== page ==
A few weeks ago, Kenya’s newly elected President, William Ruto on his maiden trip to Dar es Salaam, congratulated Tanzania for joining the One Network Area (ONA), a regional framework mooted in 2014 where East African countries, Uganda, Kenya, Rwanda, South Sudan, and now Tanzania, agreed to eliminate charges for roaming voice calls among member states to make voice calls cheaper and promote business and regional integration.
As such, the five (5) member countries through their respective communication regulators agreed to eliminate the USD9 cents (roughly UGX350) per minute tax on all international incoming calls thus maintaining a uniform USD4 cents (roughly UGX150) across the East African region.
This bold step also came with commercial benefits to companies such as MTN and Airtel which own telecommunication networks on both sides of a common border to integrate their regional cellular coverage into a one-network roaming area and offer their international customers services at domestic rates.
However, as with all good things, international fraudsters found an avenue to benefit from this harmonization of rates through Caller Line Identification Spoofing, also so-called sim boxing or grey trafficking.
Caller Line Identification Spoofing (sim boxing) is a practice in telecommunication where a person or group of people usually fraudsters, set up a device that can take up several SIM cards (a SIM box) and use it to complete international calls it receives from the internet as voice over IP (VoIP) and in turn serve them to the in-country mobile network subscribers as local traffic. The SIM boxer thus bypasses the international rates and often undercuts the prices charged by local mobile operators.
With the ONA initiative, the termination call rate within the member states is USD4 cents per minute, and the international incoming calls from regions outside of ONA vary between USD10 and USD31 cents per minute depending on the country that fraudsters have exploited.
Currently, Kenya charges the lowest international call rate for countries outside ONA of USD10 cents, followed by Rwanda with USD22 cents and Uganda with USD25 cents per minute. South Sudan charges international calls rate of USD31 cents per minute for countries that are outside the ONA arrangement.
The disparities in international call termination for countries outside the ONA agreement have given fraudsters an opportunity to exploit the cost difference, especially for calls coming from more expensive countries like Nigeria thus denying the local telecom companies revenue and consequently the tax revenue that would accrue to the exchequer.
For instance, fraudsters earn between USD1 cents and USD27 cents per minute which would have been revenue to the telecoms as government loses USD9 cents per minute as the tax due to rerouting traffic to countries in the region and disguising it as originating from the ONA member state.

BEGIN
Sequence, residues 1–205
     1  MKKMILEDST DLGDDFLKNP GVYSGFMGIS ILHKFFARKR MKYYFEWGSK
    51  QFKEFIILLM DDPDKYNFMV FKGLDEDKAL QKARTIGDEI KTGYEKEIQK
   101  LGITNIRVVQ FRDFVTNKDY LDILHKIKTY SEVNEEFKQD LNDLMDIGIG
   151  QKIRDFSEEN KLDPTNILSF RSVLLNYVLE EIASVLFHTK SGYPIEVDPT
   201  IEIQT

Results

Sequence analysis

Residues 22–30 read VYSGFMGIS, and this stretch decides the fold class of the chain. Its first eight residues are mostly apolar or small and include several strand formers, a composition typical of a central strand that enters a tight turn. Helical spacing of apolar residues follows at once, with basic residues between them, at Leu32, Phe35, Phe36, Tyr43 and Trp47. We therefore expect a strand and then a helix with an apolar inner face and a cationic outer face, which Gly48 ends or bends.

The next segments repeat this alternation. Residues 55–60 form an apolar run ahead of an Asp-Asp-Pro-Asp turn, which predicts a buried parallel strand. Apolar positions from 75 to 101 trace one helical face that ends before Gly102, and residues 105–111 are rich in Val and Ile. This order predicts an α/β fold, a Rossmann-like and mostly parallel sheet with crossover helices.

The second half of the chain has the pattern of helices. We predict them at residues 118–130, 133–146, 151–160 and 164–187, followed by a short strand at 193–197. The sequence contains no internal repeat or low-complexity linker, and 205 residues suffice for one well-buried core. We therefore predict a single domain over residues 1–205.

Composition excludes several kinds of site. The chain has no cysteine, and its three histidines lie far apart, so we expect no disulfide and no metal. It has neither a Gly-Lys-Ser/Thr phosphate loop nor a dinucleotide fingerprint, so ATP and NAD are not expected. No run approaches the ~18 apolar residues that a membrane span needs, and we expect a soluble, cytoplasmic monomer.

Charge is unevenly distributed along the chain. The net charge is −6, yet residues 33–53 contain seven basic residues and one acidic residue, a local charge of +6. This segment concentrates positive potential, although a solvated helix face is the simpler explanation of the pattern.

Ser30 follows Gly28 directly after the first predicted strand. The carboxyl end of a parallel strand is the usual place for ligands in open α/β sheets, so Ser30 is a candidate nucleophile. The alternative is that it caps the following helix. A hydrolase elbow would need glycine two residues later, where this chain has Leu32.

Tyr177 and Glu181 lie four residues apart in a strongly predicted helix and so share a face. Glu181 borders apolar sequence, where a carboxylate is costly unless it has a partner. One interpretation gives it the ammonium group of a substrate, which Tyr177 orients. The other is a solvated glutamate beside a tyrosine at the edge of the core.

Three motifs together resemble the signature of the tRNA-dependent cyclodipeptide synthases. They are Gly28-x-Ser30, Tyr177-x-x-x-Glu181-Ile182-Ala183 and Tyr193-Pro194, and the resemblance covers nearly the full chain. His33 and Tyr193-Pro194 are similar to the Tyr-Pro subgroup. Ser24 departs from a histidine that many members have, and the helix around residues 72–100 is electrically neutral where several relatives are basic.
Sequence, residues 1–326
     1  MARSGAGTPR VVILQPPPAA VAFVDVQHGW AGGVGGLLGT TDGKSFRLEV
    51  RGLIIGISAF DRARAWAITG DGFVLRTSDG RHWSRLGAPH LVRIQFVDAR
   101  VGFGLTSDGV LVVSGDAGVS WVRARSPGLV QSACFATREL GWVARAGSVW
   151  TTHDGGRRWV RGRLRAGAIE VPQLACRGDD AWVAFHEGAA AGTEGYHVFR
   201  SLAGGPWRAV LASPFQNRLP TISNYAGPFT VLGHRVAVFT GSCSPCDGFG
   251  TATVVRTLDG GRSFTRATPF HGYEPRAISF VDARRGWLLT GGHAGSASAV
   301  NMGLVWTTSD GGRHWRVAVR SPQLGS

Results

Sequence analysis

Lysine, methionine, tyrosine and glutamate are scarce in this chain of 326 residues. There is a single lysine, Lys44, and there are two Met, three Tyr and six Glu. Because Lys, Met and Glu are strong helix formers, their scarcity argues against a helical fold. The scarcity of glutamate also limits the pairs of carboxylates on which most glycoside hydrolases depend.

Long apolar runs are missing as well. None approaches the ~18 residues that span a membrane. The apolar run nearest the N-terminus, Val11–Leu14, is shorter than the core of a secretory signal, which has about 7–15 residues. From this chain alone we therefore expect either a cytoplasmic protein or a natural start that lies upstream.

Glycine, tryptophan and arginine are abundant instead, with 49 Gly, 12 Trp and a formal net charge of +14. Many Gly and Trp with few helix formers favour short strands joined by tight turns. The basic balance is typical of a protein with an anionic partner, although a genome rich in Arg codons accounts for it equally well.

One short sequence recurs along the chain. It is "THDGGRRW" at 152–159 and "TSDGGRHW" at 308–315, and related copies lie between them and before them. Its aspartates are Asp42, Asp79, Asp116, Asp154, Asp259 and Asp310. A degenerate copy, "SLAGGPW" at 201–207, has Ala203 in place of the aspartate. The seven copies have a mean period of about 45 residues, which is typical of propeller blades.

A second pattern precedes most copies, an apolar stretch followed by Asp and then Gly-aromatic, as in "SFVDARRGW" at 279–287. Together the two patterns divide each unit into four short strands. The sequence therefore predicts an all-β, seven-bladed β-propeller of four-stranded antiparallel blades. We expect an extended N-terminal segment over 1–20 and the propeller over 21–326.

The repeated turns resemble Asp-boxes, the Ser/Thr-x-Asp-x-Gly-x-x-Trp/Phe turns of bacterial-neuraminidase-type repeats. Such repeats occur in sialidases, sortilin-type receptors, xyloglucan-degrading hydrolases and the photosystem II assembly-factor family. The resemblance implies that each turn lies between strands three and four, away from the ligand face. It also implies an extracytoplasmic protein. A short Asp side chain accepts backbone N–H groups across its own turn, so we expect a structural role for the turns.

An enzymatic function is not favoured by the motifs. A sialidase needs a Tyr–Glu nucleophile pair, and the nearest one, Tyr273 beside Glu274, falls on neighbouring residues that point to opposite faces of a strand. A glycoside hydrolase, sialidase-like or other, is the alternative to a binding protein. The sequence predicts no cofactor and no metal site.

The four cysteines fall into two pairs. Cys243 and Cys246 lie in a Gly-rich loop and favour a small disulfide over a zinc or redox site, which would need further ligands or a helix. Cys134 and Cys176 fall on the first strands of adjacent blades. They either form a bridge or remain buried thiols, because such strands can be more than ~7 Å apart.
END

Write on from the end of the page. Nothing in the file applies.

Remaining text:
This comes as MTN Uganda is allegedly accused of involving in Caller Line Identification spoofing leading to a loss of revenue for the government.
The report authored by Brendan A. Wadri to President Yoweri Museveni on June 27, 2022, titled “Massive Telecommunications Fraud Detected in MTN Uganda,” also claims that the telecom failed to detect and correct the high volume of ONA fraud terminated to Uganda through their networks in Rwanda and South Sudan.
As illustrated earlier, the telecom industry argues that there’s no telecommunication company that will intentionally involve itself in sim boxing because it doesn’t benefit them in any way, especially in regions like East Africa where tariff rates have been harmonized to lower the cost of international calls.
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Besides stringent local regulatory framework in most countries, these telecom companies have international licensing protocols and partnerships with other telecom companies worldwide and would not want to put their reputation at risk
It appears that fraudsters interested in routing their international calls through the One Network Area to other countries may take a liking to a country like Kenya which presents a better opportunity since it has lower international termination rates compared to other countries in the region.”
According to industry sources, international call traffic has been on a steady decline across the world including East Africa, owing to various reasons including the increasing spread and use of data and applications that offer free calls.
Available information indicates that country’s top telecom companies have invested in systems that track incoming international calls and they usually reconcile with the government records on a monthly basis.
Knowledgeable sources in Uganda say that the regulator has a system in place that tracks incoming calls and their termination and prepares a report every month which is shared with the key players. It is at this stage that in the event that there are discrepancies, then, a particular telecom is invited to reconcile the differences.
The rapid adoption of digitization in almost all aspects of business and commerce including payments and the critical role telecommunication plays in making this possible means that fraudsters will always be on the prowl with the hope of cashing in on loopholes that may exist especially because of differences in market policy and regimes.
Perhaps the initiators of ONA may need to go back to the drawing board to work out what needs to be done to close the existing gaps while ensuring that local telecom operators and the government are not denied the much-needed revenue accruing from services that are still needed by consumers.